5. Respect her fondness for beauty

For her:

  1. Work in an organized way
  2. Handle family relationships
  3. Be faithful
  4. Take steps to protect the family wealth
  5. Show skill and energy
  6. Play an active role as his companion and guide

Te book mentions that a lot of Buddhist literature is written by and for monks, and that the role of lay people in society isn't the same as monks'.

Chapter 5 of that book suggests that your partner should be someone who might help your own spiritual progress and life.

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In the Gihi Sutta (Householder Sutta), the Buddha said:

"Sariputta, when you know of a householder clothed in white, that he is restrained in terms of the five training rules and that he obtains at will, without difficulty, without hardship, four pleasant mental abidings in the here & now, then if he wants he may state about himself: 'Hell is ended; animal wombs are ended; the state of the hungry shades is ended; states of deprivation, destitution, the bad bourns are ended! I am a stream-winner, steadfast, never again destined for states of woe, headed for self-awakening!'

You may read the sutta for details of the five training rules and four pleasant mental abidings. Basically, it means that a householder can definitely reach at least stream entry, which is the first stage of enlightenment. After stream entry, he will attain Nirvana within seven rebirths, either as a human or in higher realms.

You can remain a married householder with responsibilities, but you need to slowly get rid of the fetters which are all within yourself and not in the people or situations around you. It's in your mind and heart, not in your life situation. Getting rid of the fetters is related to the fourth pleasant mental abiding. The importance of intention can be seen in this answer, where the hunter's wife is a stream winner who is free from the sins of her husband's profession, because she does not harbour any ill intentions and only fulfills her responsibilities as his wife.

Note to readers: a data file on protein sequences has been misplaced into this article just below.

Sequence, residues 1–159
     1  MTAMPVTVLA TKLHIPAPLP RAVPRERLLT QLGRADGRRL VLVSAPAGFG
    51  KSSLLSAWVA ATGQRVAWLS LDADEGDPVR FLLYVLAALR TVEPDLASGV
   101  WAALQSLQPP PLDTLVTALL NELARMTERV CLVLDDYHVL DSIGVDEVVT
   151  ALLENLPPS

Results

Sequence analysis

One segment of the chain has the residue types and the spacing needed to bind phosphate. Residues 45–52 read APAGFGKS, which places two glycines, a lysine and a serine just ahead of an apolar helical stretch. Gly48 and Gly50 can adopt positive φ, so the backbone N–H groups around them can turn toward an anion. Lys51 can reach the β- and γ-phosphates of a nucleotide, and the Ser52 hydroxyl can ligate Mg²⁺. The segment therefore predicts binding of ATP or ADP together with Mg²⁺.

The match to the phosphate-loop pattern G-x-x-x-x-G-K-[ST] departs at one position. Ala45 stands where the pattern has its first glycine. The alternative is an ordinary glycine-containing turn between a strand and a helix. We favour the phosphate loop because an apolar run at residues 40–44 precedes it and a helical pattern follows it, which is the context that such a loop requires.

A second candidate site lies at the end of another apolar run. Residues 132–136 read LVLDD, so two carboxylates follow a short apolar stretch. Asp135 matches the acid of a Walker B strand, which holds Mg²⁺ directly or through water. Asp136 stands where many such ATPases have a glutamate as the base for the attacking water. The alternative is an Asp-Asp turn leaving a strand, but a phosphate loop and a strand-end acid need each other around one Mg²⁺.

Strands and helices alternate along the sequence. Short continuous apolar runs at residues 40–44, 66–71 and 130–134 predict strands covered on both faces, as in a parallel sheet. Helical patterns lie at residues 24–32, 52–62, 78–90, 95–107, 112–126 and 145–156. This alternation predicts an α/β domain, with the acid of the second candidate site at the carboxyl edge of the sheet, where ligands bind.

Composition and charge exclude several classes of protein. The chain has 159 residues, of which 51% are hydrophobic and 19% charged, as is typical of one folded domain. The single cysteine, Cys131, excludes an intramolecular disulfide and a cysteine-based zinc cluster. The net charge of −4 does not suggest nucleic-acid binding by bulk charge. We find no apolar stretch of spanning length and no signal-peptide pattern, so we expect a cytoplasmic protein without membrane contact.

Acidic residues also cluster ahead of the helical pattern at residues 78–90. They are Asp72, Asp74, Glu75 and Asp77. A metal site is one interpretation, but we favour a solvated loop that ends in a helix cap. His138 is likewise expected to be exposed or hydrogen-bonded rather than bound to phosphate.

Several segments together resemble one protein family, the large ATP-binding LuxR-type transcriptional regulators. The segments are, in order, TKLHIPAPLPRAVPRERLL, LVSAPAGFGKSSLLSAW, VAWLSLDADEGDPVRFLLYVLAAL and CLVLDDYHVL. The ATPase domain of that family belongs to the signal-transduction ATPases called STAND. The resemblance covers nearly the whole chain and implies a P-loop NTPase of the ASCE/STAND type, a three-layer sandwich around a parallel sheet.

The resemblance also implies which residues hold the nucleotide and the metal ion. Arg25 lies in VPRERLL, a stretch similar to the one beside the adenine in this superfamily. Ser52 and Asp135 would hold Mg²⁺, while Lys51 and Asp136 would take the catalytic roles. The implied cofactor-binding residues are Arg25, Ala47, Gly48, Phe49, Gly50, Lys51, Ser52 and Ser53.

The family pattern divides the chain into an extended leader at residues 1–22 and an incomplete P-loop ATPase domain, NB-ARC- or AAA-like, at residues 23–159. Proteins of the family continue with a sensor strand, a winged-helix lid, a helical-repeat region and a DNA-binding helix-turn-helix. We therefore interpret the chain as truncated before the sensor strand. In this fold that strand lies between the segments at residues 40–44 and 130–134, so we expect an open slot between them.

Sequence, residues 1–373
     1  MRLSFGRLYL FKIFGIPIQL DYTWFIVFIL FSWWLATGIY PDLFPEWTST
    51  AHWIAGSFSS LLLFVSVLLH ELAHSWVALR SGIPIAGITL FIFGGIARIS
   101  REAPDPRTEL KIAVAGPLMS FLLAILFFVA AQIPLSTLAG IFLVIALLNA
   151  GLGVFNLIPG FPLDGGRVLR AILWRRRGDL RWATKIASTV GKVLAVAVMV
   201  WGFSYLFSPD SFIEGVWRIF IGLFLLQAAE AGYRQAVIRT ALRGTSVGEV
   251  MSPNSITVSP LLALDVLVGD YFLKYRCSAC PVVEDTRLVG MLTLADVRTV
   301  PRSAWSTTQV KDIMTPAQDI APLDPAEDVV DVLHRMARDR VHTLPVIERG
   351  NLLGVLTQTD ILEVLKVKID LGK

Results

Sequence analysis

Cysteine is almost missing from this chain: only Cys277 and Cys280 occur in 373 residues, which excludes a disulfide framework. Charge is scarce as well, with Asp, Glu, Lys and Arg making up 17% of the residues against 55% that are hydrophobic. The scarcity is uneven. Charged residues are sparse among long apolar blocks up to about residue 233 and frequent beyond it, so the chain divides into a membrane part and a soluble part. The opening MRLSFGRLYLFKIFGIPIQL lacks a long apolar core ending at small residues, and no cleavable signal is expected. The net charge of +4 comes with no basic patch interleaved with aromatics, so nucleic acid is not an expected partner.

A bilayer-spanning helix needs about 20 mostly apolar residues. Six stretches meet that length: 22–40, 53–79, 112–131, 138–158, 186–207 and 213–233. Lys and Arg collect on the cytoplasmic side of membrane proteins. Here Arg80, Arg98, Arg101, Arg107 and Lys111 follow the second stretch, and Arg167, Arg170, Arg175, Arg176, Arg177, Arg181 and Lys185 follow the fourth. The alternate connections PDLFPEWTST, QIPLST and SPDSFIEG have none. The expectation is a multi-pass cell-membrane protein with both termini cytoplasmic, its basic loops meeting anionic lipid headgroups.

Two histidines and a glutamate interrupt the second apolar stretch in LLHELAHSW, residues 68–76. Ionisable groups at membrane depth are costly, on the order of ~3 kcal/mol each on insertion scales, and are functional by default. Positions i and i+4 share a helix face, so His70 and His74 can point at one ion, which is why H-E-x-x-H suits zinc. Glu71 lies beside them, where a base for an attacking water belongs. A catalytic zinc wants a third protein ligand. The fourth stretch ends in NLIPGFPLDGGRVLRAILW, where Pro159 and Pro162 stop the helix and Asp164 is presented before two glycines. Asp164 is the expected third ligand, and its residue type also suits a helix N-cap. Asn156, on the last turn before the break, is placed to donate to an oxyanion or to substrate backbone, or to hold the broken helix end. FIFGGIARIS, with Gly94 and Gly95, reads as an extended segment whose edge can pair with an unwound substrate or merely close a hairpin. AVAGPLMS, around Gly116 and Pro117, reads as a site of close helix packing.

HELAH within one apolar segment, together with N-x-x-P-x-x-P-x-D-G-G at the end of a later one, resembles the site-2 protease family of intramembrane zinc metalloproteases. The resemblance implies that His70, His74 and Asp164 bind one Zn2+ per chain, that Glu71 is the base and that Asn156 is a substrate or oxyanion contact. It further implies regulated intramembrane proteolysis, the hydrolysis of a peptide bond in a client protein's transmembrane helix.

For e.g. if your loved one passes away, you may grieve deeply for a long time, but, if you understand intellectually and subconsciously that nothing is permanent, then you can accept it easily and move beyond it quickly. This is possible when one has progressed well along the path.

When one is still new on the path, as suggested by @ChrisW in his comment with this story, marriage and the lay life of a householder can provide stimuli e.g. in the form of grief in order to prod one towards the path to enlightenment.

You can find many more relevant advice from the Buddha for lay persons on how to manage finances and on many other topics, in the Sigalovada Sutta. These can be considered additional guidance on the path to enlightenment.

I also enjoy the conversation between the Buddha and Dhaniya the cattleman-householder in the Dhaniya Sutta. A small part at the end quoted below. But you should read the whole thing - it's very good.

The Buddha: "Having broken my bonds like a great bull, like a great elephant tearing a rotting vine, I never again will lie in the womb: so if you want, rain-god, go ahead & rain."

The great cloud rained down straightaway, filling the lowlands & high.

Hearing the rain-god pour down, Dhaniya said: "How great our gain that we've gazed on the Blessed One! We go to him, the One with vision, for refuge. May you be our teacher, Great Sage. My wife & I are compliant. Let's follow the holy life under the One Well-gone. Gone to the far shore of aging & death, let's put an end to suffering & stress."

  • Your answer contrasts, "grieve deeply" with "accept it easily and move beyond it quickly". The OP quotes verse 142 of the Dhammapada: and the story associated with that verse implies that it's after or because of the grief which results from (lay) life that a lay person might go for refuge. – ChrisW Jun 6 '15 at 10:20